Être – to be

Being a French Verb

French verb être
Share / Tweet / Pin Me!

Être is one of the two most important French verbs (avoir is the other one) and has irregular conjugations in just about every tense and mood. Être literally means "to be," but also serves as an auxiliary verb and is the key to the passive voice.

Être = to be

Whether temporary or permanent, être expresses a sense of being with adjectives, adverbs, and nouns.

Je suis fatigué.   I’m tired.
Il est en retard.   He’s late.
La bibliothèque est une ancienne maison.   The library is an old/former house.

Être = to be someone

When a noun or subject pronoun + être is followed by a profession or some other noun that defines a person, there can be no indefinite article in French.

Ma sœur est médecin.   My sister is a doctor.
Pierre est étudiant.   Pierre is a student.
J’ai été témoin dans ce procès.   I was a witness in that trial.

Être = to be somewhere

Être plus a preposition usually indicates location.

Je suis à Nice.   I’m in Nice.
La France est en Europe.   France is in Europe.

However, être à plus a noun or stressed pronoun means "to belong to" – learn more.

Être = auxiliary verb

Être serves as the auxiliary verb in the compound tenses and moods for about two dozen French verbs.

Tu es parti tôt.   You left early.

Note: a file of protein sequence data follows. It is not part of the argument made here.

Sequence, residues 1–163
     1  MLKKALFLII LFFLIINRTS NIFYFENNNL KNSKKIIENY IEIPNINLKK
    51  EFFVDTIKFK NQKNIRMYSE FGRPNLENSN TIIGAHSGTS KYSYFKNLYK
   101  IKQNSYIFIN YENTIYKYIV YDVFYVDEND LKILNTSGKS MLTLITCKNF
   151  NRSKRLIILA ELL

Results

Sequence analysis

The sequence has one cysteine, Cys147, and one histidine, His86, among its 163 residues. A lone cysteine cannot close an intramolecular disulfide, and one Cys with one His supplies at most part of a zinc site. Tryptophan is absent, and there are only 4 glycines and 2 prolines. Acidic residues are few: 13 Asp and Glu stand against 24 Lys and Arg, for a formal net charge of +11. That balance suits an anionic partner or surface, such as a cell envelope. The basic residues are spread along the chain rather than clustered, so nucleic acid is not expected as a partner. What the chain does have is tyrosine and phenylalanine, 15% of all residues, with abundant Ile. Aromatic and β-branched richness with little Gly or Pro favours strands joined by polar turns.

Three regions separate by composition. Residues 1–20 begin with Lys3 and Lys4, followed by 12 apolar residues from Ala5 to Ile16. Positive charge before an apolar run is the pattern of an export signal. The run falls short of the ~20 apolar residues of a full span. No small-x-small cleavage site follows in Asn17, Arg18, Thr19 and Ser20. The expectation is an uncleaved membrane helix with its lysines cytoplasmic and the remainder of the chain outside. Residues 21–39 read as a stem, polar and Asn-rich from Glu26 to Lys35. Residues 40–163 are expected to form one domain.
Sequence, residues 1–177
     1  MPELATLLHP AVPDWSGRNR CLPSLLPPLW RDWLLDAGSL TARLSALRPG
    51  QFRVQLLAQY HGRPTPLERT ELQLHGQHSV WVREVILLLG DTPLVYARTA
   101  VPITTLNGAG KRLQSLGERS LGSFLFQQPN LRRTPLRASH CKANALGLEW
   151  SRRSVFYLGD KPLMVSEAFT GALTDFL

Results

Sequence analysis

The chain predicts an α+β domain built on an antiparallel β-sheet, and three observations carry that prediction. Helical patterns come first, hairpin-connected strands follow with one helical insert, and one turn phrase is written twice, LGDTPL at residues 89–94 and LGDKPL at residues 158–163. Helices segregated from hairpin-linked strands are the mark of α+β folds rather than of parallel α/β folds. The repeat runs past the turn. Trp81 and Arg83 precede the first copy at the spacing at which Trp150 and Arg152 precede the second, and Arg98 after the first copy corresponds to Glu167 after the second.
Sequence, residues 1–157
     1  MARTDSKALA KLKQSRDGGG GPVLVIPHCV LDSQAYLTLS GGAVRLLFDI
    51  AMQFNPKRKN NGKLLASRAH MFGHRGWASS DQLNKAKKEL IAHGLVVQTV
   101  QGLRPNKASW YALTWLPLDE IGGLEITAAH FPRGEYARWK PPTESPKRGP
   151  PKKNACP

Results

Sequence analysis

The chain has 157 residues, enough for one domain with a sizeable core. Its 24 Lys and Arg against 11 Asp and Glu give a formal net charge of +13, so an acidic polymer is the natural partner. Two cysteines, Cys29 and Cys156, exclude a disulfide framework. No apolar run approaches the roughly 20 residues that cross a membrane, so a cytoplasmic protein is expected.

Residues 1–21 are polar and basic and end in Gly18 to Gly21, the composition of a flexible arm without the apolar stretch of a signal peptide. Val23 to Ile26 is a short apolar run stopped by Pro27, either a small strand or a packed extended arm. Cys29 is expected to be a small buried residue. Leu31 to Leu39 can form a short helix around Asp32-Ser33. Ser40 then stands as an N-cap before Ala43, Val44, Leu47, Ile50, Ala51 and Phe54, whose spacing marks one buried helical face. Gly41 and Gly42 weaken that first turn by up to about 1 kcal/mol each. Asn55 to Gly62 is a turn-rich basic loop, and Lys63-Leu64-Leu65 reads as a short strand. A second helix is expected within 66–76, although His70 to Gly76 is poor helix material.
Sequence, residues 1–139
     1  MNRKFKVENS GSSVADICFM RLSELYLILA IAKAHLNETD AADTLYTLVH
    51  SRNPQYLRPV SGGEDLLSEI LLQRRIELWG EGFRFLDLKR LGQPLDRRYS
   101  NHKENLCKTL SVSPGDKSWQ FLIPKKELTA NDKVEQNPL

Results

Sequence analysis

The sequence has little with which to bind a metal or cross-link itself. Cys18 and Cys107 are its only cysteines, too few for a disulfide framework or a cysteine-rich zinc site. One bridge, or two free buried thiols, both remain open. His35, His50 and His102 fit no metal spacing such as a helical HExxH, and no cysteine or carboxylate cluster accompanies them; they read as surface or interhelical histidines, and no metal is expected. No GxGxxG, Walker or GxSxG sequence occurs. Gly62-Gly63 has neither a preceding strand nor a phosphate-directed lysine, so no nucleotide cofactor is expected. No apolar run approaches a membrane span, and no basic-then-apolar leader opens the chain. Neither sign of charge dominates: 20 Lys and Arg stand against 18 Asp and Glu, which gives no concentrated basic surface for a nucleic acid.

Il est tombé hier.   He fell yesterday.
Si j’étais descendu, je ne serais jamais remonté.   If I’d gone downstairs, I’d never have come back up.

  Être is also the auxiliary verb for all pronominal verbs.

Je me suis levé tard.   I got up late.
Elle ne s’est pas habillée.   She didn’t get dressed.

Être = passive voice

Être is used to create all tenses and moods of the passive voice.

Potential French mistake Être ≠ to be

 * In more than a dozen common phrases where we use "to be" in English, French uses avoir instead.

 * When talking about weather, French often uses faire where English uses "be."

Être in grammatical expressions

Être is used in four grammatical expressions:

  1. c’est – this is, that is
  2. est-ce que – turn a statement into a question
  3. être en train de – make a verb progressive
  4. n’est-ce pas – ask for confirmation of a statement

Être in idiomatic expressions

Être is also found in dozens of idiomatic expressions.

Être in action

Do these French expressions need the subjunctive?

 Related lessons

Learn Spanish En español

Learn Italian In italiano

 Share / Tweet / Pin Me!

Être - to be

Questions about French?

 Visit the Progress with Lawless French Q+A forum to get help from native French speakers and fellow learners.

More Lawless French

 Subscribe to my twice-weekly newsletter.

Support Lawless French

  This free website is created with love and a great deal of work.

If you love it, please consider making a one-time or monthly donation.

Your support is entirely optional but tremendously appreciated.

Leave a Reply